GOLD Learning Speakers

U.S.A

Morven S Edwards, BA , MD

  • Speaker Type: 2020
  • Country: U.S.A
Biography:

Dr. Morven S. Edwards is Professor of Pediatrics at Baylor College of Medicine and an Attending Physician at Texas Children’s Hospital in Houston, Texas. Dr. Edwards maintains a longstanding interest in group B streptococcal infections and their prevention through immunization. She has been the recipient of a Cooperative Agreement through the Centers for Disease Control and Prevention to improve knowledge and practices among healthcare providers about congenital Chagas disease. Dr. Edwards is a member of the American Academy of Pediatrics, the Infectious Diseases Society of America and the Pediatric Infectious Diseases Society.

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Chagas Disease: Pregnancy-Based Screening to Benefit Mother and Infant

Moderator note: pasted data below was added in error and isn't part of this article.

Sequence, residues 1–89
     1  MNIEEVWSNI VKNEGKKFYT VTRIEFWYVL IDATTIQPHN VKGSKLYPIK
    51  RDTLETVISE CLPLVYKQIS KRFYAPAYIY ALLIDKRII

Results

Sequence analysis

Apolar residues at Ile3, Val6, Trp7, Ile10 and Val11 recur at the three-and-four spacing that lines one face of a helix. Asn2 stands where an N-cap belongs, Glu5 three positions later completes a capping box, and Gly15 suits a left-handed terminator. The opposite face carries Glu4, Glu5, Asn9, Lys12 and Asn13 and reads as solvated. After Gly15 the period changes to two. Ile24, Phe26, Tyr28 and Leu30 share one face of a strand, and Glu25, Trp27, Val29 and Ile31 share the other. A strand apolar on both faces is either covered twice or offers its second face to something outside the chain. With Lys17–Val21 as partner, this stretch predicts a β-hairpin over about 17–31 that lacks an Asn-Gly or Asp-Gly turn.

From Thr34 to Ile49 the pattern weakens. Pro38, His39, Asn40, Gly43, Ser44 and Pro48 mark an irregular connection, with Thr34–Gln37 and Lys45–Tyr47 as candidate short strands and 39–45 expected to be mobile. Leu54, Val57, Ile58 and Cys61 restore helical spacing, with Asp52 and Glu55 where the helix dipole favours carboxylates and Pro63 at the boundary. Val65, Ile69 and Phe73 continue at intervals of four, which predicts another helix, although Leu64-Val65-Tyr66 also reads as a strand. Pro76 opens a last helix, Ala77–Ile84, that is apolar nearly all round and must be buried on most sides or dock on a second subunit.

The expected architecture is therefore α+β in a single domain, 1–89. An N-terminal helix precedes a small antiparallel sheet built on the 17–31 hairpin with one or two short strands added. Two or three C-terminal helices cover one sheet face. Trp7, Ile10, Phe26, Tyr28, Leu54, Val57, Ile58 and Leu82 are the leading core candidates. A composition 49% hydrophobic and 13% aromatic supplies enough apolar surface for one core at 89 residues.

Chagas disease is a parasitic infection caused by Trypanosoma cruzi. Chagas disease is endemic in Mexico, Central America or South America. Approximately 8-10 million people in Latin America and 300,000 people in the United States have Chagas disease. Chagas disease damages the heart and causes approximately 10,000 deaths yearly. Approximately 30,000-45,000 people in the United States have Chagas cardiomyopathy. Most are unaware of the infection and have no symptoms. The common mode of acquiring Chagas disease is vector-borne. Acute infection is often asymptomatic. Infection is life-long if untreated and, over years or decades, 20% to 40% of people develop Chagas heart or gastrointestinal disease. Infection is also transmitted congenitally. In the United States there are ~40,000 women in the childbearing years with Chagas disease who give birth to ~63-315 infected infants each year. Some infants have signs of infection at birth but none is specific for Chagas disease. Maternal infection can be diagnosed by a commercially-available ELISA testing for T. cruzi IgG. At its cost of ~$50, screening would be cost-saving, whether implemented universally or for at-risk women. Treatment of confirmed infection is curative for infants, prevents transmission in future pregnancies and reduces risk for cardiomyopathy in women in the childbearing years.
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